The president of Mississippi Valley State University challenged members of the Mississippi State and Starkville community to choose wisely between “chaos and community” in their daily lives and actions.
William B. Bynum Jr., a veteran higher education professional who has served as MVSU president since 2013, served as keynote speaker Monday for Mississippi State’s 21st annual Martin Luther King Jr. Day Unity Breakfast.
Bynum’s challenge was taken from King’s prophetic 1967 book “Where Do We Go From Here: Chaos or Community?” In that writing, King observed: “America owes a debt of justice which it has only begun to pay. If it loses the will to finish or slackens in its determination, history will recall its crimes and the country that would be great will lack the most indispensable element of greatness — justice.”
Bynum said: “Dr. King challenged us to come together to be better citizens, better neighbors, better friends, and better human beings. Never let the flame of hope go out in your own life. Choose community over chaos.”
MSU President Mark E. Keenum also gave remarks citing the importance of the annual recognition of King’s contributions.
“This marks my seventh opportunity to take part in this very meaningful event in the life of this university and this community,” Keenum said. “I’m pleased at the role that MSU plays in championing diversity and inclusion. We remain the most diverse institution in the Southeastern Conference and the most diverse original land grant university with over 4,000 African-American students enrolled. We are glad you are joining us to commemorate the historic contributions of Dr. Martin Luther King Jr. and it is appropriate that we assemble on the university campus, for he was an ardent proponent of education. ”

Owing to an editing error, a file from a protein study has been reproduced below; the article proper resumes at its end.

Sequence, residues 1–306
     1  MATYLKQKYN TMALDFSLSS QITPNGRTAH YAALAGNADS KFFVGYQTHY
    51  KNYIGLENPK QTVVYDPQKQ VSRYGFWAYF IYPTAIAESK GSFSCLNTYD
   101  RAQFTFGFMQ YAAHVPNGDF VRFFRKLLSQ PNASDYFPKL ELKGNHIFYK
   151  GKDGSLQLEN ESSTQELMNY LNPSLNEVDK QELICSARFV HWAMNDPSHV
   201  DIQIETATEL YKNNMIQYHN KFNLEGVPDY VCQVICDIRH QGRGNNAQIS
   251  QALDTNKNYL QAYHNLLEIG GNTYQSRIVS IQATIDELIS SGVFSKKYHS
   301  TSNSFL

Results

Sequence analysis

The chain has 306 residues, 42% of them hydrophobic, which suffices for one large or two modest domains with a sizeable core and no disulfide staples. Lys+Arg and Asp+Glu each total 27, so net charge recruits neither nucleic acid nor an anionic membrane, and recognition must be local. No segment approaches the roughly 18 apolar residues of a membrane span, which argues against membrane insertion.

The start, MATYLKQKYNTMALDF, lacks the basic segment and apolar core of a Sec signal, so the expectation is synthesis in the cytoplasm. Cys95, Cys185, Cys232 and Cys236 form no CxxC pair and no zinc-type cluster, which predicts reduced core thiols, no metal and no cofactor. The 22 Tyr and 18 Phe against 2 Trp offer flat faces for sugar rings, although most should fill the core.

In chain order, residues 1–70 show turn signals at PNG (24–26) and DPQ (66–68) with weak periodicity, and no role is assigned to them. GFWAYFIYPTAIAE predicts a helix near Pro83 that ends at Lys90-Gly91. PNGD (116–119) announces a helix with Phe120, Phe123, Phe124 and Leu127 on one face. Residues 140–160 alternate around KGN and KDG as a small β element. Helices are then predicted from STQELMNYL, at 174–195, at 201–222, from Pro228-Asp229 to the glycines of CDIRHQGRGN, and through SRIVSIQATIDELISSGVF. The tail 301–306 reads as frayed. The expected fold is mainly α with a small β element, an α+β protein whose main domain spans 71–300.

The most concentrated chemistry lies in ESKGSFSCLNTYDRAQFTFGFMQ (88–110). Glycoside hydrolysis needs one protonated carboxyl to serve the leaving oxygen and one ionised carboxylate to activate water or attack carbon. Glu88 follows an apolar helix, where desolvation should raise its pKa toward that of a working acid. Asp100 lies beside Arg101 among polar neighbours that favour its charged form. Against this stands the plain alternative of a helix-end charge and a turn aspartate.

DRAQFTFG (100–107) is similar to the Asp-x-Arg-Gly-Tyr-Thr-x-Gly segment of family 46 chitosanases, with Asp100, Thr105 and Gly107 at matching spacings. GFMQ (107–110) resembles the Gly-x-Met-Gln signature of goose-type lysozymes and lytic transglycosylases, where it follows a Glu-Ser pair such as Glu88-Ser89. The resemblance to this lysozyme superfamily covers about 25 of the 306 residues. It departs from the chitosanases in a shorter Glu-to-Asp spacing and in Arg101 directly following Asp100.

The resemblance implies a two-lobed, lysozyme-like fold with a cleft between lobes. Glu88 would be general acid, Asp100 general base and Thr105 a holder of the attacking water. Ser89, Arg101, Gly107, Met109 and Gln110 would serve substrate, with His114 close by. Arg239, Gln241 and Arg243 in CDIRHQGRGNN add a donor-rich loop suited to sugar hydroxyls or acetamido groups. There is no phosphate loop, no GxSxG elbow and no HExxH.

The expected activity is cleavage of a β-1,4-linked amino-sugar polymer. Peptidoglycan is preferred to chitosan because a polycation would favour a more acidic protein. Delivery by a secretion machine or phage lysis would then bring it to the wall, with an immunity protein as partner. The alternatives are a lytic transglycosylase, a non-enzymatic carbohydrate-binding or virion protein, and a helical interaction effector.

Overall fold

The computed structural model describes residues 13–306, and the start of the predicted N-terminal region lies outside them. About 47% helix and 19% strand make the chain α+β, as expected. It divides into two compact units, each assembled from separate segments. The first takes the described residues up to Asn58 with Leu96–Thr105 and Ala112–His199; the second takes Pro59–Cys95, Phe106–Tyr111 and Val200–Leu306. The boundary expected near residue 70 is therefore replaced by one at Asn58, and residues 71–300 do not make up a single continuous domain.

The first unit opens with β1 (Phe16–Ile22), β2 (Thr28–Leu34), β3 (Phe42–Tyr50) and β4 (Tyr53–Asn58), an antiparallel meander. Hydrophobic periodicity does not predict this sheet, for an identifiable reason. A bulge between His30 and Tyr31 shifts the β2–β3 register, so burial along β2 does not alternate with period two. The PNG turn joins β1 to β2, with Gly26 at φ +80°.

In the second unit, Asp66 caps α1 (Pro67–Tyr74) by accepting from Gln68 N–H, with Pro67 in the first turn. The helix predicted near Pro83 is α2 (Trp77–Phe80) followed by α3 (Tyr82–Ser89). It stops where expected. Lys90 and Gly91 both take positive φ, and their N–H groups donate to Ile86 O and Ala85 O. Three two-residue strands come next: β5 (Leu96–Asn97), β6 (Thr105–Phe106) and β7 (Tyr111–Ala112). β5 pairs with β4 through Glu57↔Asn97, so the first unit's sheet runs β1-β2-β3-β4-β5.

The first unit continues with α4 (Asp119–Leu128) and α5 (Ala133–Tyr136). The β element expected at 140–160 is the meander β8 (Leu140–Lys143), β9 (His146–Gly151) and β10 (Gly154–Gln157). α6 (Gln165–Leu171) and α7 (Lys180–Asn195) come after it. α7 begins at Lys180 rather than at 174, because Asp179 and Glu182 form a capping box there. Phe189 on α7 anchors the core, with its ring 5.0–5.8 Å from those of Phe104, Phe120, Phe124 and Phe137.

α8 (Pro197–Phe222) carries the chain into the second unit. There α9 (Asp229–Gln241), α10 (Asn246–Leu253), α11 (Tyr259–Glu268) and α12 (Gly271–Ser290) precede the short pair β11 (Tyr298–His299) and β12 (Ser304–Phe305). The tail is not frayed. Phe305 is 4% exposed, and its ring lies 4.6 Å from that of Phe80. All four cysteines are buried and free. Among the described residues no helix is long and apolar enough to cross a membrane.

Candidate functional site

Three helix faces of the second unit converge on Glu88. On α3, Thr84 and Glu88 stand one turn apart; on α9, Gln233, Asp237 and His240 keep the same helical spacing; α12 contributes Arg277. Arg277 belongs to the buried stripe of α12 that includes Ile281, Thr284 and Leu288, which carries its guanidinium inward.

An audience of more than 400 attended the free event in the Colvard Student Union’s Bill Foster Ballroom. Held for 21 years, the breakfast is jointly sponsored by the City of Starkville and the university.
During the program, three high school students were honored as statewide winners in the 2015 MLK Writing Contest sponsored by MSU’s Office of Institutional Diversity and Inclusion.
Jasmine Carter, a senior at Starkville High School, took first-place honors, while the second place winner was Rachel Bobo, a senior at the Mississippi School for Mathematics and Science in Columbus. Mya Brown took third place honors. All three essayists received monetary awards for their essays on the civil rights leader’s legacy.
At the conclusion of Monday morning’s program, the university’s Maroon Volunteer Center kicked off the annual MLK Jr. Day of Service. Participants are volunteering for various community service projects to benefit West Oktibbeha Elementary School in Sturgis and Oktoc Animal Rescue Inc. Participants also will serve Tuesday [the 20th] to assist with the Starkville Church of God’s food pantry distribution.
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